In recent days, Reuters interviewed dozens of Rohingya in two settlements, one in the northern city of Jammu and a smaller one in the capital, Delhi, and found communities who feel they are being increasingly vilified.
Many now fear Prime Minister Narendra Modi’s Hindu nationalist government is about to act on its stated position – that it wants to deport all Rohingya Muslims from the country. With a general election due by next May, they worry that targeting them will be a populist tactic used by Modi and his allies.
A boy from the Rohingya community peeps out from the door of a madrasa, or a religious school, at a camp on the outskirts of Jammu October 5, 2018. REUTERS/Mukesh Gupta
Sahidullah – who like many Rohingya goes by only one name - is not just worried about his detained relatives but also his family living in a mainly Hindu region of India’s only Muslim-dominated state, Jammu & Kashmir, in the country’s northern tip.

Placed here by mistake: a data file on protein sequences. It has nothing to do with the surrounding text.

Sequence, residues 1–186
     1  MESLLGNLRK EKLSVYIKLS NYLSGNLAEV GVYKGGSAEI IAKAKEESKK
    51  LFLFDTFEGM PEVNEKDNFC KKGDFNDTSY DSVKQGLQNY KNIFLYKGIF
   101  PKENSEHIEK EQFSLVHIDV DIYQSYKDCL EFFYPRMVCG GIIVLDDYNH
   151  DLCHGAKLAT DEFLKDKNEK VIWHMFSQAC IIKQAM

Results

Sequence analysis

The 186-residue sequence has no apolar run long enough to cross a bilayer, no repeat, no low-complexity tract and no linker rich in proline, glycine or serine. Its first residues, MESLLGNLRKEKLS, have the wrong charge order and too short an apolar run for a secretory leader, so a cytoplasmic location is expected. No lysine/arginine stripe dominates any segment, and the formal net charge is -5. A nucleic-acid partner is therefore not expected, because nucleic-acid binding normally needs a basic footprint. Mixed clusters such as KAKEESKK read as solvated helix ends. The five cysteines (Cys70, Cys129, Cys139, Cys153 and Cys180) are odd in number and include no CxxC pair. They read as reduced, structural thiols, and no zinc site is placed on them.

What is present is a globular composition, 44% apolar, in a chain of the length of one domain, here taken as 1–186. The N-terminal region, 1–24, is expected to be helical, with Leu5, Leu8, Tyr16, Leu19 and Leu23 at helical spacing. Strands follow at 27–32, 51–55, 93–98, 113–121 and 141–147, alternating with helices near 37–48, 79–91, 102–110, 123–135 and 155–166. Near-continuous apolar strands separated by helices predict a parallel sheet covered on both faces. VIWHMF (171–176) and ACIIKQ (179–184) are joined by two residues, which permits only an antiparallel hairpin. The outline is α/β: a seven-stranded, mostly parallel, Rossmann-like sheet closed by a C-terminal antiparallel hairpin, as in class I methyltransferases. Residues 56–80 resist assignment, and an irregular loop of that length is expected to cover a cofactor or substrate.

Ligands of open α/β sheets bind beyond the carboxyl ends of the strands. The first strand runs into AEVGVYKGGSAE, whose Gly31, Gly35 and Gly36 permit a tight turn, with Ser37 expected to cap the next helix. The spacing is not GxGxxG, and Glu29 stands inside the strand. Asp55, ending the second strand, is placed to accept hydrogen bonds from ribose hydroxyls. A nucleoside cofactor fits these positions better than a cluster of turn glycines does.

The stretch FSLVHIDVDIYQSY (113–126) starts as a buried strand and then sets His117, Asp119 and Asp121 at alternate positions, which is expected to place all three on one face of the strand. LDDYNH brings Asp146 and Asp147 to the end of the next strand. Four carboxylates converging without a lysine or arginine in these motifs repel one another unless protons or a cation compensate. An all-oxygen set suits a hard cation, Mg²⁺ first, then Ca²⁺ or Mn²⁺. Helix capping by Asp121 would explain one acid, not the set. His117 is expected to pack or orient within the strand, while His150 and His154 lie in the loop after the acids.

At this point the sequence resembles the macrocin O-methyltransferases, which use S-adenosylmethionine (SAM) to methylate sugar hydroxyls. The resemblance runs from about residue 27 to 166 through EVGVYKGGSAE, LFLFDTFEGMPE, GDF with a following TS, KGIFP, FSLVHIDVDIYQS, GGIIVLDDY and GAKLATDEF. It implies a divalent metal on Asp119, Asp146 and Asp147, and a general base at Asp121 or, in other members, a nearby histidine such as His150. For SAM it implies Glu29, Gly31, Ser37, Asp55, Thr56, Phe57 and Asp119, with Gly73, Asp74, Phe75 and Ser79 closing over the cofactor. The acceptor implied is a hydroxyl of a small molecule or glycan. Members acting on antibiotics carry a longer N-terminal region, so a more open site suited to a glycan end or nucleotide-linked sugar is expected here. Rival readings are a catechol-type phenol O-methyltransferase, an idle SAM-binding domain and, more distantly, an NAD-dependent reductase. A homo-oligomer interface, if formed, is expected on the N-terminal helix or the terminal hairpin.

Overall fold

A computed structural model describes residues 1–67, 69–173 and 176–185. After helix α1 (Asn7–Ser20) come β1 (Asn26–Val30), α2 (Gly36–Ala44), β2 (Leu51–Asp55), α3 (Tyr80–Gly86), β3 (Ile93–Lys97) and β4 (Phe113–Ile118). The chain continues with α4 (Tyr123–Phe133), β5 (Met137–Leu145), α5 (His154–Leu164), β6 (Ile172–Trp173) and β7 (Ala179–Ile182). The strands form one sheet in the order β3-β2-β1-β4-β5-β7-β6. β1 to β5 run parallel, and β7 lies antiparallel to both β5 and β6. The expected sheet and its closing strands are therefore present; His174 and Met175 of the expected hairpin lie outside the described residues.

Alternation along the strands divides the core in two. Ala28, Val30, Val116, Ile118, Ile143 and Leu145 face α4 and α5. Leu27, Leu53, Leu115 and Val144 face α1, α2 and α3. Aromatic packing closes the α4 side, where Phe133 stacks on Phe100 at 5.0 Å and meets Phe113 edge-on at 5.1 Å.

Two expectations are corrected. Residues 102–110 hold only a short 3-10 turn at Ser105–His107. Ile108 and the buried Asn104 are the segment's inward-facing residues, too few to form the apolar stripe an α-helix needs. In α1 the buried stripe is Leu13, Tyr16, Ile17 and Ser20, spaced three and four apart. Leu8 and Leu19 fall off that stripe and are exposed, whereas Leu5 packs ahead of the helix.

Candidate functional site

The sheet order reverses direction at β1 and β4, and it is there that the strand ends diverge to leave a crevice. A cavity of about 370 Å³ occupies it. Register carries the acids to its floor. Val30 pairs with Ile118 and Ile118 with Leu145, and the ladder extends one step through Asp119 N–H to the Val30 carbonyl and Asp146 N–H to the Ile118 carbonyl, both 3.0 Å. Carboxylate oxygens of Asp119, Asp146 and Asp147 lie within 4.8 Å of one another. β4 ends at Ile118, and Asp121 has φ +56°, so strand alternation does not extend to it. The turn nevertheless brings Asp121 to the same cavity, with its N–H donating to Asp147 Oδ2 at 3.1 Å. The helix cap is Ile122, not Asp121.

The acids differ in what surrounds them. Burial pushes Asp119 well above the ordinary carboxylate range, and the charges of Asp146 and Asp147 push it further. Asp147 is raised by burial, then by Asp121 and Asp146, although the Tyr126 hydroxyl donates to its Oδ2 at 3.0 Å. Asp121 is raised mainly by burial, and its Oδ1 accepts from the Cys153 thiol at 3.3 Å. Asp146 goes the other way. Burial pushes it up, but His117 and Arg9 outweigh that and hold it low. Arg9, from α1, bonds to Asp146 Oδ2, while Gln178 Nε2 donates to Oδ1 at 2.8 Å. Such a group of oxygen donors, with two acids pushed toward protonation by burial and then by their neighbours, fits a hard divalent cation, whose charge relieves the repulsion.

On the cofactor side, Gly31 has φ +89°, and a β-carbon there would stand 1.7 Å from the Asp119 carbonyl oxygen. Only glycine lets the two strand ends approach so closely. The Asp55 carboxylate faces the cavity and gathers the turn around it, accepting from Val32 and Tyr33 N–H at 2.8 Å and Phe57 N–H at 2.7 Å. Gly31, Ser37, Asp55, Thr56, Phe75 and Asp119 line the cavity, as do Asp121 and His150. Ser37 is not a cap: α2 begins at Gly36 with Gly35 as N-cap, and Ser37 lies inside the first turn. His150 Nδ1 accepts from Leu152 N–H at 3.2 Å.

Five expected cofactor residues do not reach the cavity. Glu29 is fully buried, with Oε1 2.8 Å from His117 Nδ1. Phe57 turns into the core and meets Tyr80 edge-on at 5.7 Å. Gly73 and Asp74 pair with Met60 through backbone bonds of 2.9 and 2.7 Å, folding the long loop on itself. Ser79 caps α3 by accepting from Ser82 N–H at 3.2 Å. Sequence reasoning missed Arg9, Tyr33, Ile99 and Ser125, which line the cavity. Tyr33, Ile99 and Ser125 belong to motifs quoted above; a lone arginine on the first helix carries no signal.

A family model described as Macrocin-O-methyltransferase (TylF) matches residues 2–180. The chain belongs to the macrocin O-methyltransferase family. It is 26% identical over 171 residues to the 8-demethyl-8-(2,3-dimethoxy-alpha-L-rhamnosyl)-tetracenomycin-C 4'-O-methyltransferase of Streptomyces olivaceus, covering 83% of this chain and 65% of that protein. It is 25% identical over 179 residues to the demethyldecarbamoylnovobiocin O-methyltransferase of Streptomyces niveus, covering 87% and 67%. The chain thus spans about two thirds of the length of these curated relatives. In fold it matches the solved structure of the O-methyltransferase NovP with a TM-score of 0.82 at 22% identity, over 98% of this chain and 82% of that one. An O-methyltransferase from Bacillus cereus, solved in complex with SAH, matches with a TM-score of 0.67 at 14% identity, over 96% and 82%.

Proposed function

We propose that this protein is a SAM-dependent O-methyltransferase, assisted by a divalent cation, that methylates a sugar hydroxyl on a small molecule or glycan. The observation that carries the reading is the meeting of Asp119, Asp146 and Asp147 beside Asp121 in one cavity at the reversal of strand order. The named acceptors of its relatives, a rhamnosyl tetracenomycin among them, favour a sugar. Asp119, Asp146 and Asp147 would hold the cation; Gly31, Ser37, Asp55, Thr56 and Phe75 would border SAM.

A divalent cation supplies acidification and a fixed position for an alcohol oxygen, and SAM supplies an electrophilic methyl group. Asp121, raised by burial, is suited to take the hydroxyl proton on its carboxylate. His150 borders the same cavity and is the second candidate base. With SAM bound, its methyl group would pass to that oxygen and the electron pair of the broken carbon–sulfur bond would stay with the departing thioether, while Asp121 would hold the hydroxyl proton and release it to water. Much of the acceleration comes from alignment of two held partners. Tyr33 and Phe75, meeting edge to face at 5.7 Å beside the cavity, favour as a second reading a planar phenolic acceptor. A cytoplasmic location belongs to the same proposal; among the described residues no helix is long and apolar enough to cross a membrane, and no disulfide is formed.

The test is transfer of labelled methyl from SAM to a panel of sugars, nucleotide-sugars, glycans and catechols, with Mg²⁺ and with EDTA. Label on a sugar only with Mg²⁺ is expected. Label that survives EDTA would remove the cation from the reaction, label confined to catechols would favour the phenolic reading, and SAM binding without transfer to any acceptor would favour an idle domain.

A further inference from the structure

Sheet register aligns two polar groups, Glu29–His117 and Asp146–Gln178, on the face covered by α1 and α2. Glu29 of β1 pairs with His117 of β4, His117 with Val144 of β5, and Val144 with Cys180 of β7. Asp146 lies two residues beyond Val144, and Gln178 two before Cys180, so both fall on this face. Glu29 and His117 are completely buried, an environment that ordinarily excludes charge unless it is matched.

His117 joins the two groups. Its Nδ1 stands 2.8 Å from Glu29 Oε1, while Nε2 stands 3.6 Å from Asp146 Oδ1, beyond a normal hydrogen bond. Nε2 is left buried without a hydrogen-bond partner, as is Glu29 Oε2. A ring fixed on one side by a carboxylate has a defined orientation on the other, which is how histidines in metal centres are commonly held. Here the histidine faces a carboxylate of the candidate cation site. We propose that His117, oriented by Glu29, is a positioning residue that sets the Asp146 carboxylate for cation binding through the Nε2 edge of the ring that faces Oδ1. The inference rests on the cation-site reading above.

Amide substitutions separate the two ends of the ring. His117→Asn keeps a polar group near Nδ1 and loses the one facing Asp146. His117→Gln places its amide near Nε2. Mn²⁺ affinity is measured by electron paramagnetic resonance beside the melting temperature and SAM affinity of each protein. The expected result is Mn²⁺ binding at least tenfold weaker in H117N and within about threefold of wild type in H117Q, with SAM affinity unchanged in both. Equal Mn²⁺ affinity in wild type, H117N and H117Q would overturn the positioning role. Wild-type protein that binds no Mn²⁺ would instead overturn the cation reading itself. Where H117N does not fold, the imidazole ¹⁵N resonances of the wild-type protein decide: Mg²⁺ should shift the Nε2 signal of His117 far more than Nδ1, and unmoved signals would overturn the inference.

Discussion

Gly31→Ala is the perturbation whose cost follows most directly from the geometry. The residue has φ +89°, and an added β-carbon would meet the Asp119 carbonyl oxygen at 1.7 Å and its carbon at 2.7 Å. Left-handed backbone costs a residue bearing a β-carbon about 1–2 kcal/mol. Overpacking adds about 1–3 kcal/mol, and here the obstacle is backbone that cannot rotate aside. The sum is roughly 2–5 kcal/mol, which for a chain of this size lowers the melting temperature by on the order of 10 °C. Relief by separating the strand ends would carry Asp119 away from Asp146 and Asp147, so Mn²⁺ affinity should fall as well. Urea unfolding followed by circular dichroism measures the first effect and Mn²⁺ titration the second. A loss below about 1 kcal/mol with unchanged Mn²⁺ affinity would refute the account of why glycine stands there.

The restive Himalayan state that borders Pakistan and is home to Muslim separatists battling Indian rule, has the biggest population of Rohingya in the country with around 7,000 people scattered in various makeshift settlements, largely in the Jammu region.
“We came to India because people told us things were better here, there’s more work and one could move freely unlike back home,” said Sahidullah, who works as a cleaner at a car showroom in Jammu city to support his aging amnesiac mother, wife and four children.
“All that’s true and we are thankful to India for letting us live here. But hatred against us is growing,” he told Reuters as he sat on a colorful linen sheet laid on the floor of his self-made wood and plastic-sheet house built on a rented plot of land.
Mohammed Arfaat, a 24-year-old Rohingya youth leader in Jammu, said that locals often accuse them of having links with militants without any proof.